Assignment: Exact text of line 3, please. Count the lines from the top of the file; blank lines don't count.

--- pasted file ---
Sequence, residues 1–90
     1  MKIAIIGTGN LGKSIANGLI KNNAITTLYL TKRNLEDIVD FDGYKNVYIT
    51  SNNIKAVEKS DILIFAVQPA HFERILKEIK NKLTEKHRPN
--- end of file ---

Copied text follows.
    51  SNNIKAVEKS DILIFAVQPA HFERILKEIK NKLTEKHRPN